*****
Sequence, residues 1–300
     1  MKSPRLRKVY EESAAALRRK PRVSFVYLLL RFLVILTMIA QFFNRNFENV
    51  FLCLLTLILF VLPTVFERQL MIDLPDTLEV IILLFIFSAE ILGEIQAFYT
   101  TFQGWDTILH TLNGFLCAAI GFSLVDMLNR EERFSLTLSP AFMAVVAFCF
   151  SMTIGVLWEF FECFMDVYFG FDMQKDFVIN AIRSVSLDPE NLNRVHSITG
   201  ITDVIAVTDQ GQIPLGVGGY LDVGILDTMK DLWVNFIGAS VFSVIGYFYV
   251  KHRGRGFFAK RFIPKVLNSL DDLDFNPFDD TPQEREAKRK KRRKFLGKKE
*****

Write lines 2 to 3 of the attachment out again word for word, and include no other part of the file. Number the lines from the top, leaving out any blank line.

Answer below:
     1  MKSPRLRKVY EESAAALRRK PRVSFVYLLL RFLVILTMIA QFFNRNFENV
    51  FLCLLTLILF VLPTVFERQL MIDLPDTLEV IILLFIFSAE ILGEIQAFYT